Hi, my name is Bob_! I suspect the problems in my left leg could be undiagnosed CP — Scope | Disability forum
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Hi, my name is Bob_! I suspect the problems in my left leg could be undiagnosed CP

Bob_
Bob_ Member Posts: 10 Listener
edited July 2021 in Cerebral palsy
.
I'm new here.  At 58 y/o, I'm looking around, reading up on support: 
I suspect life-long problems I've had with my left leg could be undiagnosed CP.  I'm willing to find out, having stumbled on or up pavements no less than five times yesterday :).  I suspect people think I'm drunk. 

Comments

  • janer1967
    janer1967 Member Posts: 16,407 Disability Gamechanger
    Hi and welcome to the community Feel free to join in or ask any questions 
  • Tori_Scope
    Tori_Scope Posts: 9,644 Scope online community team
    Welcome to the community @bob_ :) Thanks for joining. 

    I'm sorry to hear about your stumbles. Have you started off the process by going to visit your GP? Or taken any other steps?

    Please do feel free to take a look around the community, and let us know if you need anything. You can view all of our categories of discussion here. In particular, you may be interested in our category dedicated to discussions on cerebral palsy.
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  • Bob_
    Bob_ Member Posts: 10 Listener
    edited July 2021
    Thanks, Teri.  I tried the GP route over the severe tendonitis this Feb when it was really bad, and was met by a) terrible lack of knowledge of something relatively common - she had to look up how to assess it :o ; b) severe attitude problem - incredibly dismissive, i.e. 'take ibuprofen' for some [undefined] time.  I knew more than she did.  It's not like I go to the doc often.  I'd rather pursue other routes for diagnosis - if they exist.  All ideas welcome. Please keep them coming.  And thanks again, Teri.
  • Ross_Scope
    Ross_Scope Posts: 7,485 Scope online community team
    Hello @bob_ and welcome to the community. Sorry to hear your GP wasn't very helpful in that situation, you could always ask for a referral to a new GP in the hope that they can be of greater help to you?
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  • Bob_
    Bob_ Member Posts: 10 Listener
    edited July 2021
    Thank you, Ross.  Suggestion appreciated.
  • chiarieds
    chiarieds Member, Community Co-Production Group Posts: 12,478 Disability Gamechanger
    Hi @Bob_ - welcome to the community, & thank you for joining. I'm sorry about your GP.....one of the best consultants I ever met said, 'I don't know, but I will find out,' but that was over a far more complex issue. To have a GP with such a lack of understanding, & then being dismissive certainly doesn't seem good at all. As Ross suggests, try another GP, one willing to listen to your concerns. Also our Cerebral Palsy Specialist Information Officer may be able to help with appropriate advice with voicing these concerns to a GP. Please @Richard_Scope would you advise here, thank you.
  • Richard_Scope
    Richard_Scope Posts: 3,176 Scope online community team
    Hi @Bob_
    The first place you should go for a diagnosis is your G.P. You are entitled to a second opinion.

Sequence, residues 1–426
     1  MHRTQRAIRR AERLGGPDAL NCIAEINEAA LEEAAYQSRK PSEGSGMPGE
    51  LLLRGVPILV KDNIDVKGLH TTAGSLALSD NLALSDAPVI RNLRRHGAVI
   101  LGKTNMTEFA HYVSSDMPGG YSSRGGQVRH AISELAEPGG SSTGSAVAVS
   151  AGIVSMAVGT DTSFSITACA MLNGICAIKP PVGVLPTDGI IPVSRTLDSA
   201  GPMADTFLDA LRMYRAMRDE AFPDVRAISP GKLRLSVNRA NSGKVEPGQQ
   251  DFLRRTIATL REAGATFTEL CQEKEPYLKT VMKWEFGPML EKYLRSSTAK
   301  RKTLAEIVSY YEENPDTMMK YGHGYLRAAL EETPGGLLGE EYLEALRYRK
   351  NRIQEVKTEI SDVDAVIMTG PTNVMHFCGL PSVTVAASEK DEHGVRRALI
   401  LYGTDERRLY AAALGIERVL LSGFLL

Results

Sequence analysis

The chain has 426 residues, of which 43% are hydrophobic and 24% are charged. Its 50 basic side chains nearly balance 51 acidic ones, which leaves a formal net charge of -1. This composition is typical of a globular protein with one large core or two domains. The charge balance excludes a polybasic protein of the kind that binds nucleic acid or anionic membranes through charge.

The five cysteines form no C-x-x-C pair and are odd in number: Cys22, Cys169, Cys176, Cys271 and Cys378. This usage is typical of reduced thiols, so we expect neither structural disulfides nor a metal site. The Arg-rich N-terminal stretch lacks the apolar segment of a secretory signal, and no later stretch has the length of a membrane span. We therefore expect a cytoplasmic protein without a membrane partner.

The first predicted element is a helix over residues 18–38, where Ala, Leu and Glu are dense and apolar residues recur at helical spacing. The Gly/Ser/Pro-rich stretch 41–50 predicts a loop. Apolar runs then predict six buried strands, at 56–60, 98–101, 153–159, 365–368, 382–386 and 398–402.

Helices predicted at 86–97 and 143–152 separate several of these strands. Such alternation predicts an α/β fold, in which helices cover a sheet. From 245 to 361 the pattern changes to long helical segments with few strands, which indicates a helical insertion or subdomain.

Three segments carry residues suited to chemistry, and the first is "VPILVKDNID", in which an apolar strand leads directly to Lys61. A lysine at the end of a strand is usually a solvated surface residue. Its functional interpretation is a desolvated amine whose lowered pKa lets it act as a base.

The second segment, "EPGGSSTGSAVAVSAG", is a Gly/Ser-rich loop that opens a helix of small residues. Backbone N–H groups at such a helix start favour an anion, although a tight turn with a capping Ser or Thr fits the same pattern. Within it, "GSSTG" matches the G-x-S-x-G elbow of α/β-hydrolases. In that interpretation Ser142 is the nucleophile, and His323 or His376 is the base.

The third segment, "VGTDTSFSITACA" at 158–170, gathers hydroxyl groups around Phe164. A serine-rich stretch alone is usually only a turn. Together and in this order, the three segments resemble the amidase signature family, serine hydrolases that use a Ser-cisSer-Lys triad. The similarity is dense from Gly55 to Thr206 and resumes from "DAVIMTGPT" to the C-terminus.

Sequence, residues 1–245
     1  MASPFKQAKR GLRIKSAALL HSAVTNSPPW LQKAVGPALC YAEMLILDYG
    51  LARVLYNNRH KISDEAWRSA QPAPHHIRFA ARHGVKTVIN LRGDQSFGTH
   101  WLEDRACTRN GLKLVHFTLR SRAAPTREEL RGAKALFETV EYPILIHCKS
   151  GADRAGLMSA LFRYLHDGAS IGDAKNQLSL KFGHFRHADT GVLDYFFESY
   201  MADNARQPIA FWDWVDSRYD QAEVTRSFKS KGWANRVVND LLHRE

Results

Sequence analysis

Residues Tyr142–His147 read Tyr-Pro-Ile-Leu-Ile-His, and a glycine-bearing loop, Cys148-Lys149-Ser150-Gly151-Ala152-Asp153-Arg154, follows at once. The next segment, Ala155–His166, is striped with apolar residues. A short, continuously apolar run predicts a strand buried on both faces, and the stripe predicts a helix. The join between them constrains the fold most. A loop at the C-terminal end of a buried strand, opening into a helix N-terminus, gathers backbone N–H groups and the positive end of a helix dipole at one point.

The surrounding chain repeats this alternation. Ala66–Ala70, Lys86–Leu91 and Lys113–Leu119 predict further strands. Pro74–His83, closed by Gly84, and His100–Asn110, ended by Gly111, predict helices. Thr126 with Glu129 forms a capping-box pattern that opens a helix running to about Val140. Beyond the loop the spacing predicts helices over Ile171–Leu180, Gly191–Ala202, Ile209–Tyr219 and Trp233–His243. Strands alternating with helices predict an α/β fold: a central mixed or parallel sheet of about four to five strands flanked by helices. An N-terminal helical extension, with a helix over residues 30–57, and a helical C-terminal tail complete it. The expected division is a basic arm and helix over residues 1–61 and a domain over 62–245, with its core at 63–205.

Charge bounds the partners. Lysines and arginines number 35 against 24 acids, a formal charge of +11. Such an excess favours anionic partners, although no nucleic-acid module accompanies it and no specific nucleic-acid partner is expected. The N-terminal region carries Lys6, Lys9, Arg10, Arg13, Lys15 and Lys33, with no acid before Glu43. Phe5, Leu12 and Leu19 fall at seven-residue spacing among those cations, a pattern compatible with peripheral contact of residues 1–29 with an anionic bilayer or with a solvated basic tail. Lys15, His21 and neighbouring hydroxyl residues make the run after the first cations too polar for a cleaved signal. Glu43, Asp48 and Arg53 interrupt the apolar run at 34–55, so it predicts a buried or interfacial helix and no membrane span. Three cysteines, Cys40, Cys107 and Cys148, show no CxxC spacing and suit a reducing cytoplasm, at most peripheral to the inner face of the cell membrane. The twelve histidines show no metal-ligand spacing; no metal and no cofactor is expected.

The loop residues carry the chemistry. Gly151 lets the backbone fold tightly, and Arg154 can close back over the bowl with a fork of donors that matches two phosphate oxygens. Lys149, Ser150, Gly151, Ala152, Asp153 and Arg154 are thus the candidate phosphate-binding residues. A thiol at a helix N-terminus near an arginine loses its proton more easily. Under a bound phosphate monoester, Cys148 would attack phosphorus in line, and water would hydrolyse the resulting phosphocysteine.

Have you ever seen your medical records at all? That would also provide you with some good insight.

    Scope
    Specialist Information Officer and Cerebral Palsy Programme Lead

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  • Golden12
    Golden12 Member Posts: 15 Connected
    hi bob I went to my GP first then was prescribed Pain medication for year I think then last resort was the G.P ?referred me to the Rhemotolgy at the local hospital, I then had a MRI X-ray this confirmed I had a prolapsed disk, so had a weak left leg as the pain was radiating down leg   tnormally sort itself but mine was far gone  but mine took years then my  health deterated to other health issues Years went by not knowing until 2012 I was dignosed with MS Thank God ? at least i'm here main thing ,no one can tell you but this is what i think take care god bless.
  • Bob_
    Bob_ Member Posts: 10 Listener
    Thank you to everyone who's replied.  I've now had a couple of goes at trying to get an appointment with my GP, but after they were so dismissive of my very painful tendonitis in February (arms, hands, legs), not sure whether it'll go anywhere.  Any further comments, suggestions, and own experiences welcome.
  • Bob_
    Bob_ Member Posts: 10 Listener
    edited July 2021
    Bob_ said:
    .
    I'm new here.  At 58 y/o, I'm looking around, reading up on support: 
    I suspect life-long problems I've had with my left leg could be undiagnosed CP.  I'm willing to find out, having stumbled on or up pavements no less than five times yesterday :).  I suspect people think I'm drunk. 

    Thank you to everyone who commented on my posted a few weeks ago about my left foot and the possibility I have undiagnosed CP.

    • After several false-starts, I met with my GP face-to-face on Mon.  He was puzzled about what I'd said concerning my left leg/foot.  But he didn't dismiss it.  Many short exercises in his consulting room later, he gave me an exercise of seeming to walk along a straight line heel-to-toe like a tightrope walker.  And I failed badly.  I could barely stand up after just three, and toppled over.  I'm not disappointed.  It proved the point.  I haven't imagined my left foot dragging lately, etc, missing steps, some bad balance, coordination, etc.  And what with my left foot being not able to coordnate itself for swimming breaststroke 'whip-kicks', I feel after 58 years I'm getting somewhere.